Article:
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HISTORY OF GREAT BRITAIN.

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The barons were now in a most critical situation, under the ban of the Pope, and with an army of desperadoes arrayed against them. But, with invincible courage, they deterınined to defend to the last extremity & cause which concerned not only the liberties of England, but their own lives and fortunes. They agreed to choose Louis, the son of the king of France, for their king, and, with his assistance, to maintain the contest against John. The papal legate forbade Louis to enter England ; but the offer of a crown was too tempting, and he sailed from Calais with six hundred and eighty ships well furnished with troops. He landed at the Isle of Thanet, took Rochester, and marched to London, where the barons received him with acclamations. Nearly all the southern counties of England were soon reduced, and John's forces maintained themselves in the North, where they were distressed by an invasion of the Scots. The country now suffered all the desolations of a civil war, when it was happily released from its calamities by the death of the king. Having made an intemperate meal of peaches and new ale, he fell into a dysentery, of which he died at Newark, on the 19th of October, 1216.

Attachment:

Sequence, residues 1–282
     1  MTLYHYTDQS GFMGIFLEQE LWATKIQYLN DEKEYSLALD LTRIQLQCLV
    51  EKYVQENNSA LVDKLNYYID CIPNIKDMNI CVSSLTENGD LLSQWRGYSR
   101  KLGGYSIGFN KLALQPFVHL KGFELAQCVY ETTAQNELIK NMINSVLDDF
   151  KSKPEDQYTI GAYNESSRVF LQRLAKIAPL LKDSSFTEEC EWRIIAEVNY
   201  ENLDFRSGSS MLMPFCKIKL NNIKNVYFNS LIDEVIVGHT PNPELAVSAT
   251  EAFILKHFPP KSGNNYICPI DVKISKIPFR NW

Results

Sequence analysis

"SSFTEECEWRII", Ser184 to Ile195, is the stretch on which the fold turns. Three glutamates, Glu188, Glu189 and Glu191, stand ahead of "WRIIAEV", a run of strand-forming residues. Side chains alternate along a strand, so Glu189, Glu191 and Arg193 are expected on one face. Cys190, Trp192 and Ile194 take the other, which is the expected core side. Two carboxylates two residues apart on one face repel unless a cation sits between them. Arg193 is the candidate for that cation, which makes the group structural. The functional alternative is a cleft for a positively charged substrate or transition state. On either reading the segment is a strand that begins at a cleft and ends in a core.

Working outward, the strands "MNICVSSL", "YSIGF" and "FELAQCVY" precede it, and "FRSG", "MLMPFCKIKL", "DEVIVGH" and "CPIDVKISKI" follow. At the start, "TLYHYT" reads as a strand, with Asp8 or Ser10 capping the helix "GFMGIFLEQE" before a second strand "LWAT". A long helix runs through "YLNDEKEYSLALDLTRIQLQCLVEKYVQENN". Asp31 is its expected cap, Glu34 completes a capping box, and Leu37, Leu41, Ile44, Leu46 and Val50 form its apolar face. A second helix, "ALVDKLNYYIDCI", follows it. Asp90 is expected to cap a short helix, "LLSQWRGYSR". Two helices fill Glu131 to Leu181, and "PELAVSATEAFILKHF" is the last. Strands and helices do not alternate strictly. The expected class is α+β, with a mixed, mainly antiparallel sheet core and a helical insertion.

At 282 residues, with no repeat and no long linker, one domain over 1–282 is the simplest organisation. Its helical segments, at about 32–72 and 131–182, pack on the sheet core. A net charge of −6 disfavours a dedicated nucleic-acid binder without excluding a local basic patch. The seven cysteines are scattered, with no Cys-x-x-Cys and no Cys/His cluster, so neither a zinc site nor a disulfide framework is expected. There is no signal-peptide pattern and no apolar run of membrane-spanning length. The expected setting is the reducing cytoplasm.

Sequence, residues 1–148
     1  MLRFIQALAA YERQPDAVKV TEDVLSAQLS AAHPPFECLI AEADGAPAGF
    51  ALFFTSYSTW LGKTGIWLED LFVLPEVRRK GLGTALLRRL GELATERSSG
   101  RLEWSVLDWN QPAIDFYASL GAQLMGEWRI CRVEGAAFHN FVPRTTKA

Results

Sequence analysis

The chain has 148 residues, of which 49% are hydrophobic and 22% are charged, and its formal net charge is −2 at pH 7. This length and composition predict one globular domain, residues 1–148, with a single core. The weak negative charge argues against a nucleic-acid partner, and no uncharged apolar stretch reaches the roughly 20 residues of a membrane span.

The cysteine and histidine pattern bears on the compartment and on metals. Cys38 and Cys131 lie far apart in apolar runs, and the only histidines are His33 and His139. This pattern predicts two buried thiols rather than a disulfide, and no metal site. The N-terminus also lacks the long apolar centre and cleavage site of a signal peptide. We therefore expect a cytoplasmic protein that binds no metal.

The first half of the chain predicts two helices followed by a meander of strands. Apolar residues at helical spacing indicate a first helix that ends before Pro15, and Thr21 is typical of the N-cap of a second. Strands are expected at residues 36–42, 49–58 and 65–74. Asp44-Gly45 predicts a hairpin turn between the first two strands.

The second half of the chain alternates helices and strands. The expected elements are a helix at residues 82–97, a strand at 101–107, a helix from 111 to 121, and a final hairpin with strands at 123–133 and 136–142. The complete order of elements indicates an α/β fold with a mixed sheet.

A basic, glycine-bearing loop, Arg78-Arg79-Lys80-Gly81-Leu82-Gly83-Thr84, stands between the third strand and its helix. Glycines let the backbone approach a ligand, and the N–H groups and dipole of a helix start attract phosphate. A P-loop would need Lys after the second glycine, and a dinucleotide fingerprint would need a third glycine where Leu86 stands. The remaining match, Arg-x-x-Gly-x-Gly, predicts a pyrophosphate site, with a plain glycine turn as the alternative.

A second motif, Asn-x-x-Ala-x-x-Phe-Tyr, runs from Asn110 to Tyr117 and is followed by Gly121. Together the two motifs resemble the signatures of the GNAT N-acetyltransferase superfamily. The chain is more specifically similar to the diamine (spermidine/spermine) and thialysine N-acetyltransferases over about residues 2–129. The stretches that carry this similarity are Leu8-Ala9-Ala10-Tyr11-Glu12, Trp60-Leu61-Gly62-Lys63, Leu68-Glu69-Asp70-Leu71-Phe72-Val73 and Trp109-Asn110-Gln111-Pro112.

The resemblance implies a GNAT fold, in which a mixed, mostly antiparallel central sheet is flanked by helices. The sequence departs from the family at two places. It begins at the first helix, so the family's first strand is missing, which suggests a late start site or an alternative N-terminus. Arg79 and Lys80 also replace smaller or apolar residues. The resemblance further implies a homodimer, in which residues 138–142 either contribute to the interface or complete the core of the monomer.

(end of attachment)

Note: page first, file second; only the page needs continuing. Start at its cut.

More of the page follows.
His successor, Henry the Third, confirmed the Great Charter, and it has remained, ever since, the foundationstone of the English Constitution.

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ONE of the most extraordinary events in the history of England is that commonly known by the name of the Gunpowder Treason and Plot; in which case the king and parliament of England had a narrow escape, by a singular accident, from a most diabolical scheme of destruction. This plot was the work of a small number of fanatical Roman Catholics, who undertook to wreak their revenge on James the First and his government for not showing indulgence to their religion. The records of history afford few instances of more daring and wanton depravity.

The Catholics had expected great favor and indul. gence on the accession of James the First, he being the